A couple of years ago I stumbled over one of the best articles about test-driven development I ever read. Even the title is crispy I mean Stepping Through the Looking Glass: Test-Driven Game Development how cool sounds that? Noel did a decent job to explain the mantra write a test, see it fail, write code, see it proceed, refactor test, refactor code. There are 3 parts and they are worth reading it. And you will not believe but those articles are over ten years old and still relevant still fresh, still entertaining.
My first step was to figure out how to write tests before I write the code. I quickly realized it is not about write all tests upfront but write a test for a small functionality. Still, I had quite some trouble to figure out what kind of functionality I should test next. I learned some tricks to be very efficient with that. And how important it is that the tests fail first because only then you know that it will fail, if somebody breaks your code.
Another topic is the fixture. It took me some time to wrap my head around that fixture thing but it was one of the biggest beneficial ideas I’ve ever heard. A fixture or I also call it sometimes "The Story" of a set of tests helps you to organize your tests code and keep them understandable. Fixtures are part of the refactoring, which I do after I have two or three tests in place. Fixtures are much better for the understanding than helper code. Helpers look nice at first glance but can be a pain to understand what you exactly test in the long run. Helper code is often a sign that you should improve your interface with this functionality or just reorganize the test code around a fixture instead.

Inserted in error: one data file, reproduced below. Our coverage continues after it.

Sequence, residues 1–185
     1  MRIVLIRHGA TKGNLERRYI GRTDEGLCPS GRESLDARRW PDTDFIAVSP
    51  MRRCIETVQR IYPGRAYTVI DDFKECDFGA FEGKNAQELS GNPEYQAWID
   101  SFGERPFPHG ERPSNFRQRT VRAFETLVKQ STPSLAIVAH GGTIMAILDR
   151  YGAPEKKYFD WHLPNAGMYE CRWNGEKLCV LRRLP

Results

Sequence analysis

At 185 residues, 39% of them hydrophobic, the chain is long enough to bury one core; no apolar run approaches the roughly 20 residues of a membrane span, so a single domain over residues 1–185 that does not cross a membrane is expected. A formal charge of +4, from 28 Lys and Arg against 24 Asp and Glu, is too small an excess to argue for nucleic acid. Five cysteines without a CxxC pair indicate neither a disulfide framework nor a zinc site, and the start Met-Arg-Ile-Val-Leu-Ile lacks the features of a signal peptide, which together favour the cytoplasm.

I also sometimes have a base fixture to have a higher level story which I can inherit. I don’t write tests for that fixture, else they will be executed for all inherited test class, that makes no sense. The base fixture reduces the copy past of code into different fixtures, which most often lead to helper methods and classes.
There are so many lessons I learned doing software test-driven. Code that is developed test-driven does look significantly different than code which is not tested or tested after the implementation. TDD helps you to keep a class simple, understandable, and testable. It’s just a pain to test complicated methods and classes, you automatically want to keep that simple. And you use your implemented code right away, you don’t need to fire up the application to see if your code does what you expect, no browser involved no server start, just the test. Test-driven tests are fast and give you instant feedback if your changes lately do interfere with something you didn’t expect.
I love this topic also in the game development world tests are a useful tool, especially when you do not work alone on a game. I will write some more articles about this topic.